The sky was grey, but the views were so picturesque. The strength of the wind was slowing me down, even walking downhill was a push. Anyway, I did not mind as long as I could hear my podcast. At about 3pm, I was passed the halfway point and the highest point. I felt another wave of energy thinking that without the big elevation, I could totally do it. But, around 5pm, the tiredness hit me hard. Yes, I was travelling on flat ground but I had to constantly push against the wind. Sitting on the saddle was so painful and my back was in agony. I felt broken.


I tried to keep feeding myself, hoping I would be able to keep going. I almost choked on a dried apricot dipped in peanut butter. I tried to hitchhike but no-one would stop. It was Friday afternoon and everyone was heading out to enjoy their weekends away. I tried asking a bus driver if he would take me to Leicester but he said no. I got lost on a big round about and when I asked a passing man for direction, he told me about a train station about 3 miles away where I could get a train to Leicester.


I cycled there and hoped they would take me on the train. There was no ticket office so I jumped on the train. No-one came to ask me for money. When I got off the train in Leicester, I had to squeeze through the barrier with an old man because I did not have a ticket to let me through. He shouted at the conductors something like ‘fare doctor’ or ‘fare dodger.’ When I spoke to them and explained what had happened, all they did was ask me if I was leaving the train station. I said yes, and they told me to keep going. That’s how you get a train ride for free.


I was staying with lovely Mark and Jo who are avid cyclists themselves. I was served a lovely dinner with desert and we talked about their adventures over a cup of tea until it was time to go to bed. 65 miles cycled that day.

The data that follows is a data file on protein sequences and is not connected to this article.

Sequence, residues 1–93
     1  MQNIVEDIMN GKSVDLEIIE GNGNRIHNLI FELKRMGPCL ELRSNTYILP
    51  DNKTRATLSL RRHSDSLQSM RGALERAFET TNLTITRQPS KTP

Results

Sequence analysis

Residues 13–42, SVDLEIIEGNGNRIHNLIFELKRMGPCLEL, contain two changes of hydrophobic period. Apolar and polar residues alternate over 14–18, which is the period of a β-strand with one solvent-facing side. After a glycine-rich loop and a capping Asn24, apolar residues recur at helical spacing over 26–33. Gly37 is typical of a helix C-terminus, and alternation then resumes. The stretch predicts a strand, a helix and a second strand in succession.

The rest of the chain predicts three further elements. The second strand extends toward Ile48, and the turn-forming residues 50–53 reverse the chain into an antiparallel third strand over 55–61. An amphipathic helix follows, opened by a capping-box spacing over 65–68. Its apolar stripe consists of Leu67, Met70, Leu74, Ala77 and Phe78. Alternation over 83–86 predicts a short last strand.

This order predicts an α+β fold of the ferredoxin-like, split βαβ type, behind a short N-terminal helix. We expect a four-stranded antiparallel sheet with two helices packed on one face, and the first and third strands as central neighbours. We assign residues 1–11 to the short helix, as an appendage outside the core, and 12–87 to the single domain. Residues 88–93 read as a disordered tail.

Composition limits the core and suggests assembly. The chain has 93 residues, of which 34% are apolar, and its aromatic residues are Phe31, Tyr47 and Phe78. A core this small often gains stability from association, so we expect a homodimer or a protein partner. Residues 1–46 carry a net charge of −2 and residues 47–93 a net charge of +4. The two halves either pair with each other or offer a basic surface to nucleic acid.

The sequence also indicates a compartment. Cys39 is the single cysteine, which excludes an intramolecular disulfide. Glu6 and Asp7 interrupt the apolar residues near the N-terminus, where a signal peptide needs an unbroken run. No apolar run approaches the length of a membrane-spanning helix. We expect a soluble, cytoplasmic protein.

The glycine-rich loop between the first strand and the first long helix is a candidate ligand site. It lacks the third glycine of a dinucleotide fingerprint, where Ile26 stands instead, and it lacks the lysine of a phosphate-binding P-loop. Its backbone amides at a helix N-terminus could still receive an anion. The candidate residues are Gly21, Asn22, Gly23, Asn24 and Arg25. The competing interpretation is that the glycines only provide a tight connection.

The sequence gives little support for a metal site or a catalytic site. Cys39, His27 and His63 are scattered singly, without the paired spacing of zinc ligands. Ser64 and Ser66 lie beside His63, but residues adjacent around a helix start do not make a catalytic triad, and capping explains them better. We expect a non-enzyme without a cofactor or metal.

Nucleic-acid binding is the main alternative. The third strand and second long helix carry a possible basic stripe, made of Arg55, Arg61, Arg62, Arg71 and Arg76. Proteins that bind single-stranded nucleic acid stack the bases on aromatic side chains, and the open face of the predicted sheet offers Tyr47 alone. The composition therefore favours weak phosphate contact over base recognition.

The final day. As much as I wanted to have breakfast with Mark and Jo, I had 120 miles to go to get to Norwich. It would have been the same distance to get to London but I made the decision to spend a couple of days resting with Charlie’s family and then take the train to London.


I was beyond exhausted when I woke up. It was a new day though, and the thought of cycling on mostly flat land made me determined to conquer the final leg of the journey. The morning was mostly sunny and I was loving the familiar smell of the English countryside. I was trying to stay positive even though I felt weak and sitting on my bike was painful. From the morning, I fought every mile, keeping a slow pace. Later, I was taking a lot of breaks, almost every couple of miles, and I wanted to cry every time my butt touched the saddle. My back and every part of my body ached. I was not giving up, though. All I thought about was just having to keep moving forward.


I was going through my food leftovers to fuel. I had to chuck a couple of hard boiled eggs away as the smell did not seem right. The burritos I made at home were as soggy as if I had soaked them in water overnight. A bird shat on the back of my hand without me even noticing.


I still kept trying to make it another few miles further but the wind was against me. I would have probably gone faster if I was walking. Eventually, it was about 3pm and I was broken. I picked up the phone and called Charlie’s dad to pick me up. I could not go any further. I got to a little village called Parson Drove and waited for my lift. It was about half the way I had intended to go, but I was sure I had done my absolute best. The evening was spent in the bath, watching David Attenborough’s Tasmania documentary whilst eating a lot of food.


Falling into bed that night felt better than ever.


If you missed the first part of the journey, you can find the posts here.


With Love